“Wallowing Variation on the Stepford Wife

Reviewer: Isaac Tan
Performance: 23 January 2018

Subversion seems to be the stock-in-trade of any performance seeking to dwell on social issues. In The Neighbor’s Grief is Greener, Emanuella Amichai, creator and director, tries to subvert the stereotypes of the perfect 1950s American housewife by presenting them in a new light.

Within the first few minutes of the show, three perfectly elegant housewives (Ayala Bresler Nardi, Merav Dagan, Julie Nesher) are dead, and a pool of blood washes the stage. A man (Jeremie Elfassy) enters, turns on a radio which broadcasts a hardboiled radio play, and indulges in his fantasy of being an enigmatic detective, while being totally oblivious to the women.

With that, Amichai states her thesis: the women are going through a certain sort of death – an unfulfilled life.

From there, we get a constellation of scenes in which the women, occupying discrete spaces on the sparse stage, take turns to come alive and act out their frustrations of their situation or a fantasy of theirs, before dying again just before the man enters the scene.

A key component of these scenes is the re-enactment of American cultural references of the 1950s, which compels one to relook at them.

Julie Neshar uncannily lip-syncs to an interview of Marilyn Monroe before lying down to the overwhelming sound of cameras clicking, thereby giving the impression of Monroe being photographed to death.

Not to be outdone, Ayala Bresler Nardi and Jeremie Elfassy excellently re-enacts a sketch from the 1950s American television sitcom I Love Lucy, in which Lucy is giving her husband a hair treatment with an unlikely concoction consisting of kitchen ingredients. In the context of the overall performance, the wife is subtly getting back at her husband with a wink and a wide grin.

Throw in Merav Dagan striving to be herself through a quirky dance routine; and Meirav Elchadef entering with a pail on her head, standing on her head, and spreading her legs – and we get a show that strives to expose the underbelly of these stereotypes through the versatility and virtuosity of the performers.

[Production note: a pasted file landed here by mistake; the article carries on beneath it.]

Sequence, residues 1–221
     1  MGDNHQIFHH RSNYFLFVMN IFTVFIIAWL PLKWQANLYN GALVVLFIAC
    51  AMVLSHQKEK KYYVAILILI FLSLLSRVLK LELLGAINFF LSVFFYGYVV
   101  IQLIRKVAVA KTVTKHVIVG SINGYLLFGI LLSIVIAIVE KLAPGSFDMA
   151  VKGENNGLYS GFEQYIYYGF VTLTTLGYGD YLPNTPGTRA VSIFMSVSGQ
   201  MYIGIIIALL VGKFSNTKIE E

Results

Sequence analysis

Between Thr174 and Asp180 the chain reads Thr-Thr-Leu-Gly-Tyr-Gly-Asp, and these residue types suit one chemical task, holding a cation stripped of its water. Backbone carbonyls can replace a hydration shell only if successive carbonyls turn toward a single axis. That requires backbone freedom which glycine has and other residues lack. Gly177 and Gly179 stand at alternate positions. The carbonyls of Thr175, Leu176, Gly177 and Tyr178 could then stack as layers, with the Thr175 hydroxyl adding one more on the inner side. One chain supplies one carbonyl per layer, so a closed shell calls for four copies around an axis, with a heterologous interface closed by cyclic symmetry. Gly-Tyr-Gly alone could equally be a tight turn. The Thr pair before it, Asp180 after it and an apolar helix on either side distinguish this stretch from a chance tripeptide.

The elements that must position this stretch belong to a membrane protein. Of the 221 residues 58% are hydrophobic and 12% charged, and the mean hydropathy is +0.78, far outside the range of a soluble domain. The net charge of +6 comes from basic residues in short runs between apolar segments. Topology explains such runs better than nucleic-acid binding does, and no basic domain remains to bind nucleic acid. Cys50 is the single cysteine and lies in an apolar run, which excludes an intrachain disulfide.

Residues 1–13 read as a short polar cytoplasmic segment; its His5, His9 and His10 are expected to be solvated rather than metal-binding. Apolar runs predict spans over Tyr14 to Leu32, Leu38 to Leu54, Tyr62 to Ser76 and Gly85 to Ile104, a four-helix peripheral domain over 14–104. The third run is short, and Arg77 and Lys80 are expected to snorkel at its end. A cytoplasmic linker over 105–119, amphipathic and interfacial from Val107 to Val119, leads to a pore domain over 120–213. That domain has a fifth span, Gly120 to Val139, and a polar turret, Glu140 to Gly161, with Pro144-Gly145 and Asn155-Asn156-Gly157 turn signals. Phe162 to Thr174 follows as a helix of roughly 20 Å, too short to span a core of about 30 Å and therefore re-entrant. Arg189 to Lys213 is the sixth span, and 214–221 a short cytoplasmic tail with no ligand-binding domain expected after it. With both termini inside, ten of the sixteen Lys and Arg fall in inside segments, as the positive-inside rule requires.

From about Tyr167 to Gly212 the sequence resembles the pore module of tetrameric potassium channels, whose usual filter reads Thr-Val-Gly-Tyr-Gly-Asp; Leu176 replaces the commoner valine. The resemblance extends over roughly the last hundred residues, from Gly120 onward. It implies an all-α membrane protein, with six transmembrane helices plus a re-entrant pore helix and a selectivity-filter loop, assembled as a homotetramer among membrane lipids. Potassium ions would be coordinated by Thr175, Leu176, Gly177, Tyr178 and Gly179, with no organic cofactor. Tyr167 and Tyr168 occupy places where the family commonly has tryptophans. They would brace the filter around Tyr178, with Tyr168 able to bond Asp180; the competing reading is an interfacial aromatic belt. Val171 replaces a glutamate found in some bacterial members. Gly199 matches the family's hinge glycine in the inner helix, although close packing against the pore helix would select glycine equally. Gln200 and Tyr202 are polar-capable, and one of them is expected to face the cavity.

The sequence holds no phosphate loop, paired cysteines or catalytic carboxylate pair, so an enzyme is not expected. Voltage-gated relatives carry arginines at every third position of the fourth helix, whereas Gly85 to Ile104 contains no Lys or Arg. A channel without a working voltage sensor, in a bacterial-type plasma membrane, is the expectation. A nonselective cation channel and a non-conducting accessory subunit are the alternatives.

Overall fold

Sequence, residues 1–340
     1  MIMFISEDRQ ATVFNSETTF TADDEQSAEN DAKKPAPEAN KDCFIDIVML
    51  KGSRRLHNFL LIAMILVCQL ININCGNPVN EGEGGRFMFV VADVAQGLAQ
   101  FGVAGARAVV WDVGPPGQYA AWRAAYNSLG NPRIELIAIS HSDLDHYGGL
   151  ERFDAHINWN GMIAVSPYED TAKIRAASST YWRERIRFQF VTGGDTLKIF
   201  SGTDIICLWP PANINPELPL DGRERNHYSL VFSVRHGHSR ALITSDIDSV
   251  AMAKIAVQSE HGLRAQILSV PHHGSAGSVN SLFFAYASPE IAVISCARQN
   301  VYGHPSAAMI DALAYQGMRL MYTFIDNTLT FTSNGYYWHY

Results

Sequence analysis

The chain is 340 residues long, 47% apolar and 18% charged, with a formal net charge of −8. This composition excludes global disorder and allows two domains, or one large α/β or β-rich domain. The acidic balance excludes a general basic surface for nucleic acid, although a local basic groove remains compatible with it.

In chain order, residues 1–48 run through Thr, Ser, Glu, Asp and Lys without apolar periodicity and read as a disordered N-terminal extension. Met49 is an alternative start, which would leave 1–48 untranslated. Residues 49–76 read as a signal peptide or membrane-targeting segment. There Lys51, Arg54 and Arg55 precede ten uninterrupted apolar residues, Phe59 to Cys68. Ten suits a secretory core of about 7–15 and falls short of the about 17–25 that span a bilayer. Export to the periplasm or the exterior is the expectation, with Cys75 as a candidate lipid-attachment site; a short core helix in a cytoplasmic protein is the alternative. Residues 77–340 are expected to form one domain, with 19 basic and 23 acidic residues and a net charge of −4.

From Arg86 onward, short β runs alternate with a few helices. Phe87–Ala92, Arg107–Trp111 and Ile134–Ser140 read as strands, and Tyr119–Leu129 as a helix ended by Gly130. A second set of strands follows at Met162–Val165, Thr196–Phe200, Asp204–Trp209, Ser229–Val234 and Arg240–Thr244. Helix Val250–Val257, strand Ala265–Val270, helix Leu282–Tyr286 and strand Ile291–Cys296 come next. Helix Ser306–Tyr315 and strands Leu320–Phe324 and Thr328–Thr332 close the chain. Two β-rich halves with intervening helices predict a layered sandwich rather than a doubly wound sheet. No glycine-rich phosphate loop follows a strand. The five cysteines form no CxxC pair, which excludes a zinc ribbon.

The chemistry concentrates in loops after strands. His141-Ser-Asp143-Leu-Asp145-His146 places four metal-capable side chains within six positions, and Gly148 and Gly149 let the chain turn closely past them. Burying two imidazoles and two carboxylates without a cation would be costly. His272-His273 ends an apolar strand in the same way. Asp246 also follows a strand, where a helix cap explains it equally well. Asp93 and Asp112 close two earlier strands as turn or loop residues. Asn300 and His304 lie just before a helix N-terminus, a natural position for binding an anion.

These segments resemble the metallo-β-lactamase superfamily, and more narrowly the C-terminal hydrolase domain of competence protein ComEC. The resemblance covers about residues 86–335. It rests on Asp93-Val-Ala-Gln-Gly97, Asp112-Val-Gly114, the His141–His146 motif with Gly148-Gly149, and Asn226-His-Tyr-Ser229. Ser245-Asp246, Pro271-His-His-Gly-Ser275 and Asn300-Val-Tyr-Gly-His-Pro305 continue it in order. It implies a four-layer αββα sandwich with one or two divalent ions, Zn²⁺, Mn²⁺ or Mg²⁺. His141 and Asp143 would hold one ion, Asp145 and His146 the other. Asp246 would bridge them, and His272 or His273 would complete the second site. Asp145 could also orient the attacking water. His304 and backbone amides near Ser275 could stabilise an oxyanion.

Apart from subverting some stereotypes, which most of us already believe to be false, what else is undermined that would spark conversation and further the feminist cause?

There, the image of the dead women is an apt critique of the show itself. Rather than struggling for life, the women either simply dropped dead or committed suicide.

That is a far cry from the likes of the early suffragettes and many other admirable women who fought tooth and nail to live a life that they envisioned.

So what else does this show offer?

As evident from some glowing reviews by other critics, a platform for we-art-oppressed rhapsodies that accomplish nothing. People will still find resonance in this piece several years later because – like the elegant housewives – they choose to play dead and roll over.

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23 – 24 January 2018
Esplanade Theatre Studio


Isaac started reviewing plays for the student publication, Kent Ridge Common, and later developed a serious interest in theatre criticism after taking a module at university. He is also an aspiring poet, and has a passion for acting and flamenco dancing.